Three Ways Funders Can Change Systems And Drive Impact


meeting-2284501“We can’t just put a Band-Aid on this. We need to change the system!” How many times have you heard that statement? It’s true. Most of the issues funders address will ultimately benefit greatly by systems change. But how do funders play a role in that change?

I define systems change as altering entrenched policies and practices in society. Generally, there are three approaches that funders use to engage in systems change work. I think of them as using lenses, frameworks and movements.

1. Using a systems change lens to drive philanthropic mission at individual foundations

As donors and foundations learn and grow, and come to understand why systems change work is important – even critical – for achieving their missions, they may begin to explore the ways in which their investments can interact with systems and identify areas in which they might help create systems change. They begin to look at their activities through a systems change lens.

Depending on the size and focus of the philanthropic investment, this exploration may result in a foundation-wide emphasis on systems change, such as the Robert Wood Johnson Foundation’s decision to focus on building a culture of health. Or, a systems change lens might focus on a single grantmaking program, such as the Packard Foundation’s seven year investment in summer learning.

There are many examples of how grantmakers define and apply a systems change lens, and no two approach the work in exactly the same way. A systems change lens isn’t an off-the-shelf program that funders apply, but rather originates from their mission, culture and experience.

2. Using shared systems change frameworks to guide philanthropic shared interest and investment 

While a systems change lens can take many forms and vary specifically from funder to funder, what we define as systems change frameworks are more concrete and replicable from one philanthropy to another or provide a common point of engagement for multiple funders at once. For example:

The Rockefeller, Packard and Walton foundations, along with others, worked with an outside consulting firm to develop a shared systems change framework that guides their collective investments in sustainable fisheries. These foundations participated in the development of a framework that:

  • Took into account their various philosophies, objectives and priorities
  • Helped identify common metrics for success
  • Painted a clear picture of market-based systems change and identified opportunities for philanthropic investment

In developing this framework, the foundations could not only see their own roles with regard to investment, but had a strong understanding of the roles others would need to play for systems change to occur.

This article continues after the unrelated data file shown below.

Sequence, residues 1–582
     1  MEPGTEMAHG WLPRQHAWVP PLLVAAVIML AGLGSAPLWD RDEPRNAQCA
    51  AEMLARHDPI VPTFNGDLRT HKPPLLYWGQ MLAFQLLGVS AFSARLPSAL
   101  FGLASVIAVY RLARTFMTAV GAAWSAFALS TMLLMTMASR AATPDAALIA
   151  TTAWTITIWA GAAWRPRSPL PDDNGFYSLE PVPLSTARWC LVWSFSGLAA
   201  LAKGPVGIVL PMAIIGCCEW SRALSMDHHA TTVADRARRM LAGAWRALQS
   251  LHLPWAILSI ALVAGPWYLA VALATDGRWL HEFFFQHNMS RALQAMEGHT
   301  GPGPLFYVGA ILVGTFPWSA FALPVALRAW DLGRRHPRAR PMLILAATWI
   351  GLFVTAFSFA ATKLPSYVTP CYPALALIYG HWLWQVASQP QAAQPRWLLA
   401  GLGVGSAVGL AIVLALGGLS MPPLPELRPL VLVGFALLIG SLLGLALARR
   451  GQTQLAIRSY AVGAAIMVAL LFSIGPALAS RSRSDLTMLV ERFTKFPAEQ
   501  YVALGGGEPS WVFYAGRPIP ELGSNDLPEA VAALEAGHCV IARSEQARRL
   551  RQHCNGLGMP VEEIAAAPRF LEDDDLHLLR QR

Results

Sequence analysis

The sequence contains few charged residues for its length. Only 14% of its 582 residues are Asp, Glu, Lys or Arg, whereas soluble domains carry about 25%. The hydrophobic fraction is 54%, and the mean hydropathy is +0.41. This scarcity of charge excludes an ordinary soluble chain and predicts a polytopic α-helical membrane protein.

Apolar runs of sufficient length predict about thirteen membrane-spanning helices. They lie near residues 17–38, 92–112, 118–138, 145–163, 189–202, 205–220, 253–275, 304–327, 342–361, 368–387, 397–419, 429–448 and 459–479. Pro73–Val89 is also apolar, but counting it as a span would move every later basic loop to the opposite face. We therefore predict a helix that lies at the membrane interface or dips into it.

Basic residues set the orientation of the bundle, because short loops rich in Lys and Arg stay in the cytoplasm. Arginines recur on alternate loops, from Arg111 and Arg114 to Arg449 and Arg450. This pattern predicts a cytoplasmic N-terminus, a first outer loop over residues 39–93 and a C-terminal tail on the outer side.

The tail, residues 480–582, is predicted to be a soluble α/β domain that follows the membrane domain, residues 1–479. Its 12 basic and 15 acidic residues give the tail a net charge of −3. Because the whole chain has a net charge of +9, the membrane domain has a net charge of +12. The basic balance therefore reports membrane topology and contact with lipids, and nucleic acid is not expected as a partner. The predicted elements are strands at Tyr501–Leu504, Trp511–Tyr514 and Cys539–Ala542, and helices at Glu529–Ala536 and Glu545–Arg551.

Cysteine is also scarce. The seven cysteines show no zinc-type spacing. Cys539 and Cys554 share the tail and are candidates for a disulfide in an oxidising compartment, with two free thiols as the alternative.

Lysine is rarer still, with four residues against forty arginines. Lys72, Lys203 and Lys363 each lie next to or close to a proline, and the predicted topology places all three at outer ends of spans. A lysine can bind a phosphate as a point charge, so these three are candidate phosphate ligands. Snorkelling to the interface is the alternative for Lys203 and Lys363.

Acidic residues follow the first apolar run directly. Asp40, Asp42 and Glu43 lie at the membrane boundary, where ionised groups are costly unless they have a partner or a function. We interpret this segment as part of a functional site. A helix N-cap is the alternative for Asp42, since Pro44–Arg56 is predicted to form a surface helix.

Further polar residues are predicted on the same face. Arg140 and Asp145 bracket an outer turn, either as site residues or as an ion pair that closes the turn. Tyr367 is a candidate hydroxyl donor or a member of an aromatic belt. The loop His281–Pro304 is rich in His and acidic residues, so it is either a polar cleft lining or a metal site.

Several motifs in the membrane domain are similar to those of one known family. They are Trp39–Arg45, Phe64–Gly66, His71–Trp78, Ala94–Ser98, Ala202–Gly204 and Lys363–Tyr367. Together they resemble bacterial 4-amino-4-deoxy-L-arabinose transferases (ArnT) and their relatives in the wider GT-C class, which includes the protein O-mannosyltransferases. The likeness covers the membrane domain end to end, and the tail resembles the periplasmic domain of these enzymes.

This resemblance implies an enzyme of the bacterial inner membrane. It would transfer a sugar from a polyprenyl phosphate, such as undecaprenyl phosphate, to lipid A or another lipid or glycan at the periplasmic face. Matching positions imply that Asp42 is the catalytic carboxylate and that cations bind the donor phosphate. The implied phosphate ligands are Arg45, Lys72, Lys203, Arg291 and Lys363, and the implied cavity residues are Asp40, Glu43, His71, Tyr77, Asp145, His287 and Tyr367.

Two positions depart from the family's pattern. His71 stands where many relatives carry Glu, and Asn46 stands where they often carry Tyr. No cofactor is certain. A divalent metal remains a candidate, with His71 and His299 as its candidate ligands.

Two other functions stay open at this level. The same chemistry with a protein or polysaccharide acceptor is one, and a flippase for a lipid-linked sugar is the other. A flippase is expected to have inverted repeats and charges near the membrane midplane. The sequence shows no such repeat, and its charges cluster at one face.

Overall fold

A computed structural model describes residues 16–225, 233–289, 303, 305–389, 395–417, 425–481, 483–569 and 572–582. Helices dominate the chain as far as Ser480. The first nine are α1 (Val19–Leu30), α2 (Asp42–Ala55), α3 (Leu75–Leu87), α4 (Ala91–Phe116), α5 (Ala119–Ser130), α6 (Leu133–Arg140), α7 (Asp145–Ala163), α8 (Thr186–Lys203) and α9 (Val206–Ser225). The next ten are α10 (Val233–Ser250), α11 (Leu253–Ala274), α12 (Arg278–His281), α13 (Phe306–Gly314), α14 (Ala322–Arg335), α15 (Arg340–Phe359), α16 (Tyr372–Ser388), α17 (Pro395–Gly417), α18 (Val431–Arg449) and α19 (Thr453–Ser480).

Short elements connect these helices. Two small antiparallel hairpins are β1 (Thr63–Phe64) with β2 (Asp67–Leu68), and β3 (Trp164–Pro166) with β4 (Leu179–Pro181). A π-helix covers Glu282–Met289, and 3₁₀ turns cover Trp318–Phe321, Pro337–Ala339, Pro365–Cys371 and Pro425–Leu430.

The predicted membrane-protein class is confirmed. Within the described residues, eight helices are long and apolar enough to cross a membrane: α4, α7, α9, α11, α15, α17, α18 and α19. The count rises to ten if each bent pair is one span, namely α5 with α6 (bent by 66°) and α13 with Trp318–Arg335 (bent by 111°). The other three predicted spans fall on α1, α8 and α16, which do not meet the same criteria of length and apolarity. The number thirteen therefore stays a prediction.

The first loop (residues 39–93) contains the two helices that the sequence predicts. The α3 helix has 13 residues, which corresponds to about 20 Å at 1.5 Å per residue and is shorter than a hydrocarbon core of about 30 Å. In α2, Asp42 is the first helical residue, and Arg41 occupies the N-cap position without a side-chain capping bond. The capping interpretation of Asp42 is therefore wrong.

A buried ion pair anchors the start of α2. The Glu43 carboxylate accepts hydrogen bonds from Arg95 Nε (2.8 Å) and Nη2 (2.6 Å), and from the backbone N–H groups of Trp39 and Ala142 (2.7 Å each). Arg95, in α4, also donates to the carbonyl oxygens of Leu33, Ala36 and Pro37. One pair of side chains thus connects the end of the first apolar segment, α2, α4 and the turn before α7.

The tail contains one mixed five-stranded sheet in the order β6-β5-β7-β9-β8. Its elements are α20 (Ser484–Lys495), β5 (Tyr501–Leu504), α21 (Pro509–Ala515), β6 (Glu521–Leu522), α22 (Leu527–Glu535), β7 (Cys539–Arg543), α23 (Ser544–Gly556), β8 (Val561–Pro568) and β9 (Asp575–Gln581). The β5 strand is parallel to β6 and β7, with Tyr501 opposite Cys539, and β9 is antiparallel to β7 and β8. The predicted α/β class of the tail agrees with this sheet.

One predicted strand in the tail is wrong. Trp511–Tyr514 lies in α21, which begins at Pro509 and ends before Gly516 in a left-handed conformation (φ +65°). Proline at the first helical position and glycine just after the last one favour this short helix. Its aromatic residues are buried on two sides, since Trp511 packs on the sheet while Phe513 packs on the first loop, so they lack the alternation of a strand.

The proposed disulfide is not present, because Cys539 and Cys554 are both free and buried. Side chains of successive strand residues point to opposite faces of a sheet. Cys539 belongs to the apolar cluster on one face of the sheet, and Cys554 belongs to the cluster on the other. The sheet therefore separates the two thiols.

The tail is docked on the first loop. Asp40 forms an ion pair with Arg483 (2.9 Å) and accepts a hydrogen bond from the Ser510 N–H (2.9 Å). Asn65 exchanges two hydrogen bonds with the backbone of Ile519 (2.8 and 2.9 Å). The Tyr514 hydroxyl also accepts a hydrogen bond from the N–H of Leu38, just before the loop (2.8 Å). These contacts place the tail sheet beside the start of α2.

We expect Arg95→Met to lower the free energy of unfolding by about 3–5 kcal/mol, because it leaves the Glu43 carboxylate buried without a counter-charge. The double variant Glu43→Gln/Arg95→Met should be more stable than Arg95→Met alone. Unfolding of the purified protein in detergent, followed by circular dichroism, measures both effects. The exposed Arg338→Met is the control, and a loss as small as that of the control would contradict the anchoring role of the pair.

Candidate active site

3. Supporting systems change movements that engage a number of public and private partners to make broad based change 

Changing systems in our society is complex, difficult and overwhelming work that is practically impossible for a foundation to achieve on its own. The fact that many U.S. foundations work in relative isolation compounds the difficulty of making a meaningful investment in systems change. Fortunately, there are a number of examples of movements that are pushing for systems change in various aspects of our society. Two of these examples include:

  • Cure Violence, which aims to reduce gun violence by treating it as an epidemic disease that can be cured. In particular, they organize communities (social systems) to change norms. Its funders include Chicago Community Trust, the MacArthur Foundation, Robert Wood Johnson Foundation and a number of smaller philanthropies.
  • The foster care system, which in recent years has seen the national conversation shift to reflect a growing interest in revamping the nation’s child welfare system to focus more on prevention and less on out-of-home placement. Casey Family Programs has been a lead funder in this effort.

It is important to realize that systems change requires a significant shift in thought processes for some funders. However, when foundations and donors are willing to engage in systems change work, they can play a crucial role in accelerating changes that are critical to their own missions, thereby achieving their own goals and improving the lives of those they serve.

For more insight on how philanthropy and systems change interact with each other, download a free copy of the field scan, The Role of Philanthropy in Systems Change.

This article was originally written for and published by

© 2017 Kris Putnam-Walkerly. All rights reserved. Permission granted to excerpt or reprint with attribution.


Kris Putnam-Walkerly, MSW, has helped to transform the impact of top global philanthropies for over 18 years. A member of the Million Dollar Consultant Hall of Fame and named one of America’s Top 25 Philanthropy Speakers. Author of the award-winning book Confident Giving: Sage Advice for Funders, which was named one of “The 10 Best Corporate Social Responsibility Books.” For more ways to improve your giving, visit Putnam Consulting Group.


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